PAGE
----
At the age of 20, Domagk, who would later win a Nobel Prize, faced the supposed limits of medicine through his experiences in the First World War. At the time, initially successful operations were often marred by fatal infectious diseases such as gangrene or gas gangrene. The antiseptic properties of the then common substances, chlorine, water and carbolic acid, did not last long enough to effectively combat these diseases.
In 1914, Domagk He received his high school diploma in Liegnitz and began a course of studies in human medicine at the University of Kiel. After having to interrupt his studies for a time due to the war, he received his doctorate in 1921. His post-doctoral degree was obtained in 1924 at the Institute of Pathology at the University of Greifswald.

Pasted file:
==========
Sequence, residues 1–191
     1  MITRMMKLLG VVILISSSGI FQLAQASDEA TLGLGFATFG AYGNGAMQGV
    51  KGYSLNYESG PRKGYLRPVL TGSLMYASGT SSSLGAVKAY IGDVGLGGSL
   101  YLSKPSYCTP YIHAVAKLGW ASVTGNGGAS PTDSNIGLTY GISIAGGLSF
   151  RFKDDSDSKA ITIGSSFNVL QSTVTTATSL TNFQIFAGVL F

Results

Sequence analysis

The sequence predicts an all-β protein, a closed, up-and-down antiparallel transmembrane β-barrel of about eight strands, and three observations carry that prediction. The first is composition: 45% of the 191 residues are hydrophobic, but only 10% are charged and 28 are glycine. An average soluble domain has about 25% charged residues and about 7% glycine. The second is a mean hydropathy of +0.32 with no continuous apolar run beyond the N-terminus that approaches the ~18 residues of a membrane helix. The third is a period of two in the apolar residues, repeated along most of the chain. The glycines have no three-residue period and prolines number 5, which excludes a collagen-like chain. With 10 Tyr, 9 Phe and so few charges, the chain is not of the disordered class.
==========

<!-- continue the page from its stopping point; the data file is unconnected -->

In 1927 his postdoctoral thesis “Destruction of infectious diseases through the reticuloendothelium and the development of amyloid“He caught the attention of Professor Heinrich Hoerlein who recruited the young scientist to the Elberfeld pharmaceutical department.
In 1932, while looking for a way to combat bacterial infections by chemical means, Domagk he came across the active substance dimethyl benzyl dodecyl ammonium chloride, which was later released as a 10 percent solution under the trade name Zephirol. Zephirol’s intensive antibacterial effect and good skin compatibility quickly made the product an indispensable and universally applicable skin disinfectant that is still used today to disinfect hands and instruments.
Encouraged by his success in destroying pathogens outside the body, the researcher began looking for ways to fight bacteria within the body as well. He conducted intensive research based on the antibacterial properties of sulfonamide groups in azo dyes.
Thanks to the intense research of DomagkNew developments in the fight against pulmonary tuberculosis, which had proven difficult to treat, were soon reported. In the mid-1950s, the Bayer researcher developed an extremely well-tolerated combination therapy at the Leverkusen Central Scientific Laboratory.
Gerhard Domagk died on April 24, 1964 in Königsfeld im Schwarzwald, Germany, as a result of cardiac degeneration.